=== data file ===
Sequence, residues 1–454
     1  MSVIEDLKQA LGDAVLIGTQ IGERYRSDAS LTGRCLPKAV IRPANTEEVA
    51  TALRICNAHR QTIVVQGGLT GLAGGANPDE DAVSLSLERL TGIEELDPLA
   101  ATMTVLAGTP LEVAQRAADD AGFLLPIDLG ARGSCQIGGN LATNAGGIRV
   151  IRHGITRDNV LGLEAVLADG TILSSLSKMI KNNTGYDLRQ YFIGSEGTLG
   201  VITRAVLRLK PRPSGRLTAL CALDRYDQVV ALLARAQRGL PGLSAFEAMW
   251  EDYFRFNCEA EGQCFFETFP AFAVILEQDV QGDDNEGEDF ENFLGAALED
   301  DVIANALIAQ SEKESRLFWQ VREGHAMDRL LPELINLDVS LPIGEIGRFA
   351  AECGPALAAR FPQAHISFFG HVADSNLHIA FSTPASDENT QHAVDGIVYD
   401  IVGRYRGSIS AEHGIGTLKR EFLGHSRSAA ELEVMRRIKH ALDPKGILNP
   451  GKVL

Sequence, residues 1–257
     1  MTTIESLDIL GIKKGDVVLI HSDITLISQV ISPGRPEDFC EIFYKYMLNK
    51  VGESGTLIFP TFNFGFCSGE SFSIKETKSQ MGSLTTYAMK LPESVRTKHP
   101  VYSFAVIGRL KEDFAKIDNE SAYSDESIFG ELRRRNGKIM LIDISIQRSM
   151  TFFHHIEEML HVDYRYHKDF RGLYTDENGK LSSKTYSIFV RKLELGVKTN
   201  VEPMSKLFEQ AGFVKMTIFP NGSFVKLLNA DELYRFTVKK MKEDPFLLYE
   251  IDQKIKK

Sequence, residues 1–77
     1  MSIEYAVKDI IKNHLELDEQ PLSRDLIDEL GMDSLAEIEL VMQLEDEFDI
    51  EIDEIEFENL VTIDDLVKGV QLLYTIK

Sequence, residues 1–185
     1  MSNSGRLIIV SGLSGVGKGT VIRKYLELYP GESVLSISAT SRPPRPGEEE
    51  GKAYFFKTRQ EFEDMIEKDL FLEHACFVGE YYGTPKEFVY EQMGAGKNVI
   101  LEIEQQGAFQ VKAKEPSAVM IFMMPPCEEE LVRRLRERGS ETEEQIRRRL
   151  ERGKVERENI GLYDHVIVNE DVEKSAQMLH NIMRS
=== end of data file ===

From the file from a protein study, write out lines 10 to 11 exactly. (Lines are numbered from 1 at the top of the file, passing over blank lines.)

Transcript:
   401  IVGRYRGSIS AEHGIGTLKR EFLGHSRSAA ELEVMRRIKH ALDPKGILNP
   451  GKVL